Not long ago, I received an ominously official-looking correspondence from the Minneapolis/St. Paul branch of the Federal Bureau of Investigation. * The enclosed letter informed me that I had recently been the victim of identity theft, but an agent was there to help me sort my life out.
The letter raised a few questions. First off: Why the Twin Cities, a place I had visited once on a post-collegiate road trip and otherwise had exactly zero connection to? Second: If my identity had really been thieved, why hadn’t I noticed? Why no long-distance phone charges to Sierra Leone, purchases of front-load washers in Singapore, or warrants for my arrest in New Zealand?
I ignored the letter and its several follow-ups, feeling rather sorry for the hapless criminal who had taken the trouble to swipe a financial profile as slender as mine. It was only after hearing several more consequential identity-theft stories from friends that I decided to get serious about protecting my personal information. I opened a new bank account, changed all my online passwords, and—once those hassles were out of the way—went in search of the highest-security paper shredder on the market. Never again would I blithely drop a glossy NO INTEREST PAYMENTS UNTIL MARCH 2010 offer into the recycling bin … not without first obliterating all personal information displayed thereon.
For several months now, I have been collecting junk mail so assiduously that I came to fear ending up like Harlem’s legendary Collyer brothers, who were buried alive under piles of their own garbage. It’s true: I was staggered by the volume of paper that got stuffed through my mail slot every day, and that’s after I repeatedly declined unwanted Pottery Barnclearance catalogs at CatalogChoice.org. The only upside of getting all this unwanted junk is that it allowed me to put the six shredders I selected to the test.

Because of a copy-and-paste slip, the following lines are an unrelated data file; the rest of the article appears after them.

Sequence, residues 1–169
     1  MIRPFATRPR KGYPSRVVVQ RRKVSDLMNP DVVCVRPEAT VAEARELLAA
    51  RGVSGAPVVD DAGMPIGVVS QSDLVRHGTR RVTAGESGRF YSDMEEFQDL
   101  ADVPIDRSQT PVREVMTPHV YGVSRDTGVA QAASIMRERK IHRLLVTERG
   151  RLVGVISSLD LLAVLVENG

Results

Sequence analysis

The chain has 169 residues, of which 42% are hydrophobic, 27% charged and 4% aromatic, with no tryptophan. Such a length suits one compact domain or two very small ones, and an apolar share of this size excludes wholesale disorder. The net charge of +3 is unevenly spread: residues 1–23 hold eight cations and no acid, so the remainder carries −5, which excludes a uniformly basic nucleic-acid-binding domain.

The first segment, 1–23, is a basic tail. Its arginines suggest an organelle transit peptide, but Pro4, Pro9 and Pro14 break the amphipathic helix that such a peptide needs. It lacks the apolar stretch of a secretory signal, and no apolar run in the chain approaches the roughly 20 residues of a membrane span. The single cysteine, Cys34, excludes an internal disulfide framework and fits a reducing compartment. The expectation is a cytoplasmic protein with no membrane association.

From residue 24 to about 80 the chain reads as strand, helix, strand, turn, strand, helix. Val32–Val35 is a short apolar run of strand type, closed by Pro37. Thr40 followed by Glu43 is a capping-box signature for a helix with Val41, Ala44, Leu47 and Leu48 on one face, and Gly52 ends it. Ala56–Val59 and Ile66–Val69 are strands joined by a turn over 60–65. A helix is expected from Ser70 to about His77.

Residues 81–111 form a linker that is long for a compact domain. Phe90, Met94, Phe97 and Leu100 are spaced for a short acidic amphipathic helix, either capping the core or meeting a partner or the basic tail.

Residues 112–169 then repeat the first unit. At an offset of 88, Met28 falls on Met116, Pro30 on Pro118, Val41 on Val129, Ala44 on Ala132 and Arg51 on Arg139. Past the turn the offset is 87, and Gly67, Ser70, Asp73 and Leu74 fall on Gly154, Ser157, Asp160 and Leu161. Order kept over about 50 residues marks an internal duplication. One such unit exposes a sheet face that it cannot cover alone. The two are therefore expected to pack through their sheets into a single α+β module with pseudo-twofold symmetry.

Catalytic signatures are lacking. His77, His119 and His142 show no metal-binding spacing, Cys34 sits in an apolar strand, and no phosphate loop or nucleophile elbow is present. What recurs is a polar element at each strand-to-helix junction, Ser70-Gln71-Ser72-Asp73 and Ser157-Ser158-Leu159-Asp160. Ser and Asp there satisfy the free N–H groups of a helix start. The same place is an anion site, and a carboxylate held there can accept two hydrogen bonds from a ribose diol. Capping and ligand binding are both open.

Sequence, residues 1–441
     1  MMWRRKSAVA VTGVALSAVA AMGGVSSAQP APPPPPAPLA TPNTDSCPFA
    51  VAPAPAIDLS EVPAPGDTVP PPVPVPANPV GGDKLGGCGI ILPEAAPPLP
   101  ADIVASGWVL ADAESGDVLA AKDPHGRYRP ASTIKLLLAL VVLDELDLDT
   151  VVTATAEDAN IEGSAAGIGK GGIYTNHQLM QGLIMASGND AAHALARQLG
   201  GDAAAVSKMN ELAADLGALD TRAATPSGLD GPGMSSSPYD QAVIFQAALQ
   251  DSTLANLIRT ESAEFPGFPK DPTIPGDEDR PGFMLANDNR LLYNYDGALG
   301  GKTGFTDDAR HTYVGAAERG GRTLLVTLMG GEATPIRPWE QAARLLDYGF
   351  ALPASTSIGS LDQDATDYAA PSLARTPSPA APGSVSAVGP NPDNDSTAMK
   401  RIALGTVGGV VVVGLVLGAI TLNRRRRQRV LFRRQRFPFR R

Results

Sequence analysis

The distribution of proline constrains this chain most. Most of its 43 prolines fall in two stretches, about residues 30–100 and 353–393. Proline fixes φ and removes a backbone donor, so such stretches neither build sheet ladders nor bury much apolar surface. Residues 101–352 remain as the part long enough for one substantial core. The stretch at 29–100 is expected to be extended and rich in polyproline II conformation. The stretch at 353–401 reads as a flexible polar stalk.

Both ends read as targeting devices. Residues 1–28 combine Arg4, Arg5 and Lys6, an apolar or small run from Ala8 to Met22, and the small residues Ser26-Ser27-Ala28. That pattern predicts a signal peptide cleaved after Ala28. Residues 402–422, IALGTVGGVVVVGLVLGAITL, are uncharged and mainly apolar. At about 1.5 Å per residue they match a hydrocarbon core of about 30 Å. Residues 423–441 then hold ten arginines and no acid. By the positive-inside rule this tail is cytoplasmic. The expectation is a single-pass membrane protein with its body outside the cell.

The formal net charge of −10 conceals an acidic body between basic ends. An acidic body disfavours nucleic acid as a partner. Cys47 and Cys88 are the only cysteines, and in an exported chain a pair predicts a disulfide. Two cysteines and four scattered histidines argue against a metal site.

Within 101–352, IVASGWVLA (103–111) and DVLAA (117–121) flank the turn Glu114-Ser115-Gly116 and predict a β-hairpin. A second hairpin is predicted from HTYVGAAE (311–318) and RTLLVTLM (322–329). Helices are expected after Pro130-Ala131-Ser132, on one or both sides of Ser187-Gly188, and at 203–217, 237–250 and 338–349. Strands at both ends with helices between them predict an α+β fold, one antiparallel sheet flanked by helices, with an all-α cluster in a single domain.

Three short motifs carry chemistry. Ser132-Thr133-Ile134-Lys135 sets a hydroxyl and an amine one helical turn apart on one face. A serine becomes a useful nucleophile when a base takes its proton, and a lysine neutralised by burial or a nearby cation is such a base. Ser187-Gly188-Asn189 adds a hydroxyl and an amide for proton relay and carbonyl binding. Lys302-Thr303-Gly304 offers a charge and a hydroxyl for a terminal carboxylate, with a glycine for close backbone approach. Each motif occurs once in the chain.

Capacity (10 points): The shredders I tested were all light- to medium-duty, designed for home use, and capable of shredding from eight to 12 pages at a time. Could these machines really take on as many pages as the manufacturers claimed?
Design (10 points): Always a crucial factor in assessing an object that will adorn your work space. Is it pretty? How much room does the shredder take up—is it compact or unwieldy? Other relevant considerations: How easy is it to empty the trash can? Are there any noteworthy design extras, like an LCD screen or a “basket full” indicator, and do these extras make much of a difference?
Efficiency (10 points): How loud is the shredder? This question mattered more than I’d anticipated, as some shredders made such an ungodly racket that I couldn’t bring myself to switch them on without pregaming a couple of Excedrin first. Other points: Are the shreds small enough to effectively obliterate personal information, foiling even the most energetic meth addict’s attempts to piece the pages back together again? How quickly does paper jam, and how easily can jams be undone? Last but not least, are these shredders, which ranged in price from $39.99 to $164.99, worth the money?
The results, from functional to phenomenal …
Fellowes Powershred 8-Sheet Shredder, $46.99 (originally $119.99)
“Powershred” is right, in that this eight-sheet machine sounds like an arsenal of power tools all in operation simultaneously. (Imagine being trapped in a small bathroom with a weed whacker, a chain saw, and a welder, and you will have some sense of this shredder’s high-level clamor—really excruciating stuff.) The pluses: I like that you can throw CDs and credit cards in the same slot that takes the paper. Some other models require you to switch slots depending on what you’re shredding. But once I started feeding material into those machines, I didn’t want to pause. The Fellowes also has some useful safety features, and you certainly can’t beat the price. But unless you plan to shred wearing noise-canceling headphones and/or aspire to drive a family of raccoons out of your home office, you might have trouble with the decibel factor here. I also didn’t like having to remove the hefty top to empty the bin. Next.
Total: 15 (out of 30)